Naming the streets of Cordova, a page out of Greek mythology
CORDOVA, Neb. (AP) — The county road turns into Socrates Street when you reach the city limits of Cordova, 46 miles south and west of Lincoln.
Exit the philosopher’s thoroughfare and you’ll bump into a giant windmill on Helen Street, just a few blocks from the intersection of Paris and Achilles and St. John’s Lutheran Church.
This Seward County village of 150 is a tidy town with a brick bank and a gun store, a park with basketball courts nearby and a Hector Street tavern called Huggy’s Place that bills itself as “the best bar in Cordova.”
It also appears to be about the only bar in Cordova, where all the streets are named for the hard-to-pronounce ancients — Andromache and Aeneas and Priam — much to the consternation of directions-seeking delivery drivers and frustrated locals.
“Occasionally, we’ll have someone asking why can’t we change them to something easier,” said lifelong resident Lance Larsen.
But it seems the gods are in this prairie town to stay.
And they ended up here courtesy of the Pioneer Townsite Co. and the railroad.
The Lincoln Journal Star reports that you can find the plat maps in alphabetical files on the second floor of History Nebraska, the state archive on Lincoln’s R Street.
The old maps aren’t used much anymore thanks to GPS, but their penciled lines tell the story of the early days of Nebraska’s townships.
“The majority of towns out there were created because of the railroad, said Patrick Haynes, the history agency’s survey coordinator. “Most of the railroads would have a land company associated with them — this side business so they could make a lot of money.”
And the land companies often were charged with naming streets.
The standard stuff, Haynes said.
Numerical streets. First and Second and Third. Streets named for trees. Oak and Ash and Maple. Streets named in honor of presidents. Washington and Jefferson and Garfield.
“Or things that were part of people’s mindset at the time.”
In Ashland, for instance, after Main Street flooded and had to be relocated, it was renamed Silver Street.
“Because of all the people who were making their money in the silver mines in Colorado,” Haynes said.
Some street names had railroad specific ties, such as Touzalin — used in many Nebraska towns and believed to be named after a passenger agent for the Burlington and Missouri River Railroad in the 1870s.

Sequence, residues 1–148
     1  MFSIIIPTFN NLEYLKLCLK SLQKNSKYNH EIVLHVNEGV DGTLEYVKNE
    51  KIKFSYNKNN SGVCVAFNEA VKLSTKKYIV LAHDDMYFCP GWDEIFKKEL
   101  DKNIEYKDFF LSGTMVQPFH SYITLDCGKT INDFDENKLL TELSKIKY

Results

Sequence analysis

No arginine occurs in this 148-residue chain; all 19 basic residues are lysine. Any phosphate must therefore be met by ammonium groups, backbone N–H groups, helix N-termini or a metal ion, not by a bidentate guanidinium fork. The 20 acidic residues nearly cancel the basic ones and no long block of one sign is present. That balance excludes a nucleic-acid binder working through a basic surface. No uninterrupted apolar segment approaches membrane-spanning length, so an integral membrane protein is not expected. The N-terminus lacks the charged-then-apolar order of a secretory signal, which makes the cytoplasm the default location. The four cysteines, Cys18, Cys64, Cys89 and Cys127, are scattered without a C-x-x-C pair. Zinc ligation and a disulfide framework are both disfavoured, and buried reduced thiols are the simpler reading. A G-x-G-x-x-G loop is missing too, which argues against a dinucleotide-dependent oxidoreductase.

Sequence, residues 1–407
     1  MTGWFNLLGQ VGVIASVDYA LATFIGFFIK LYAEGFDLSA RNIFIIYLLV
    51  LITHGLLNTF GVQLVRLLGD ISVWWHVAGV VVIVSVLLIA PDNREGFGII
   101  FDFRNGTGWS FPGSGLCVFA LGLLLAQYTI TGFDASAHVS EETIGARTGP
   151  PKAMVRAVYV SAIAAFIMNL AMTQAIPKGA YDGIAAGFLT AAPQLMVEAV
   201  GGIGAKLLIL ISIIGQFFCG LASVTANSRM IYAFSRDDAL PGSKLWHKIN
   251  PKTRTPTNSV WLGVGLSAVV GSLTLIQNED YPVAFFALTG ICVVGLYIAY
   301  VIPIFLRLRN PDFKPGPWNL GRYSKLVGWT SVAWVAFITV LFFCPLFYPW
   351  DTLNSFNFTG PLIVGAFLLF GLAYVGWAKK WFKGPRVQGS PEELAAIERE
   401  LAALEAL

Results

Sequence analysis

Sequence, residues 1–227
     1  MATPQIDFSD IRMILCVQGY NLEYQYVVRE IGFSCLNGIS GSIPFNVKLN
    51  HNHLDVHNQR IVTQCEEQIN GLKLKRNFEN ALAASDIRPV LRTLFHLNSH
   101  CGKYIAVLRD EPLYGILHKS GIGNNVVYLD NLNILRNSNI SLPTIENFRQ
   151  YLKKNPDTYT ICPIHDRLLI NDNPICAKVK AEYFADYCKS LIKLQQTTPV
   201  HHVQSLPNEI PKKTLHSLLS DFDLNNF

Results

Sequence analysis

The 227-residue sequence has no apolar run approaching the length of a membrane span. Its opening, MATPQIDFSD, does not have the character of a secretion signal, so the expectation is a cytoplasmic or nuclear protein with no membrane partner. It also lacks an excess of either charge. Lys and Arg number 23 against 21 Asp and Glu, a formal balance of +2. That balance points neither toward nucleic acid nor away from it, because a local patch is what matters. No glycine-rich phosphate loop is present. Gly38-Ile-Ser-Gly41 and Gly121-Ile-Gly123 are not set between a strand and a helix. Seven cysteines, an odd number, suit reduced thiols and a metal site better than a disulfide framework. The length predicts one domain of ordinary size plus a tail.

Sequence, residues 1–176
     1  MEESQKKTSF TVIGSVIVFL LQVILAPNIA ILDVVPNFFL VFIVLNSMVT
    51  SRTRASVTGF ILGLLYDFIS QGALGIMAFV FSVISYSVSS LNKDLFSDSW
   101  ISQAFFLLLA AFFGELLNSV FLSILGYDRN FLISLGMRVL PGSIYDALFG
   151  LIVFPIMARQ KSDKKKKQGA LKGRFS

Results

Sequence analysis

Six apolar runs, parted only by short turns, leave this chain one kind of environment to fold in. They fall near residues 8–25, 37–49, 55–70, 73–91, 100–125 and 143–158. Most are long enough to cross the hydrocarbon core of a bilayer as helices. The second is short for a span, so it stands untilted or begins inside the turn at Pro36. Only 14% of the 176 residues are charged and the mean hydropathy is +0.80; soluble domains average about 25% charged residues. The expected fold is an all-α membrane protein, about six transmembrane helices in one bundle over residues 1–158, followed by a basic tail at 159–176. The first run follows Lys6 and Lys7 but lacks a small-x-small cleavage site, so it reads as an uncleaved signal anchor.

“The railroad had to name so many towns, they had to get quite creative,” said Jim McKee, Nebraska historian.
Every 7 to 10 miles, another town to establish and plat and puzzle over. If there’s no historical record, today’s historians are left to wonder why Madrid named its streets Whittier, Longfellow, Lowell, Aldrich. (Or why the land company named the southwest Nebraska town after the capital of Spain.)
Or how Luzerne Street ended up in Table Rock.
But it’s fun to guess.
“I really love it when they pick a theme and stick with it,” said Jill Dolberg, historic preservation officer at History Nebraska. “Sometimes, they got really creative.”
Cambridge, for example, went with alliteration for its east-west routes: Neosha, Nelson, Nasby, Niobrara, Nevada, Nemaha, Neville.
And then the Furnas County town skipped ahead to the Ps for north-south streets: Parker, Penn, Paxton, Payne, Potter.
“It looks like Brainard tried to be all presidents but outgrew it,” Dolberg said. “Kimball has all men’s names and then Nadine.”
Cairo — named for the Egyptian city but pronounced like the syrup — followed the theme into its thoroughfares: Suez, Alexandria, Medina, Nike. Thebes.
As for Cordova, the town came to be during a period of American interest in the Middle East and archaeology, Haynes said.
“So you get streets and towns harkening back to ancient times.”
In case you need a refresher course on Greek mythology and Homer, Menelaus was the king of Sparta, husband of Helen; Priam the king of Troy.
Aeneas (A-knee-us) was Rome’s first hero and son of Aphrodite, goddess of love.
It’s also a gravel road on the south edge of Cordova.
There’s no written history to explain the naming of the town’s streets by the Pioneer Townsite Co., at least as far as Larsen knows.
But he likes the unusual names.
“They’re hard to spell but it’s kind of fun. The pronunciations are all over the board.”
The third-generation auctioneer works part time at the bank.
He’s married and the kids are grown.
He’s philosophical about his town.
“We look out for each other,” says the man who lives on Socrates. “It’s just the right size.”
Information from: Lincoln Journal Star, http://www.journalstar.com